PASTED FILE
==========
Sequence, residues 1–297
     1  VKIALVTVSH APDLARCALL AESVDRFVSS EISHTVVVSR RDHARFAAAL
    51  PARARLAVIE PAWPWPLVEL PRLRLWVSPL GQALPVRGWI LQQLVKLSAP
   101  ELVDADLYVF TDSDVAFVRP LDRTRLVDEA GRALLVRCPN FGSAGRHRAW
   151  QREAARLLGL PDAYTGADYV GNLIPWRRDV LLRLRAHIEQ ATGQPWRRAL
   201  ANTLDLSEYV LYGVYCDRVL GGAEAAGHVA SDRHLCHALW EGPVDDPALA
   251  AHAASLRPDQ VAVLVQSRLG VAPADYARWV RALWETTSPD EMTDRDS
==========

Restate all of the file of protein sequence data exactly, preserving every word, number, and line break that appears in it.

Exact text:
Sequence, residues 1–297
     1  VKIALVTVSH APDLARCALL AESVDRFVSS EISHTVVVSR RDHARFAAAL
    51  PARARLAVIE PAWPWPLVEL PRLRLWVSPL GQALPVRGWI LQQLVKLSAP
   101  ELVDADLYVF TDSDVAFVRP LDRTRLVDEA GRALLVRCPN FGSAGRHRAW
   151  QREAARLLGL PDAYTGADYV GNLIPWRRDV LLRLRAHIEQ ATGQPWRRAL
   201  ANTLDLSEYV LYGVYCDRVL GGAEAAGHVA SDRHLCHALW EGPVDDPALA
   251  AHAASLRPDQ VAVLVQSRLG VAPADYARWV RALWETTSPD EMTDRDS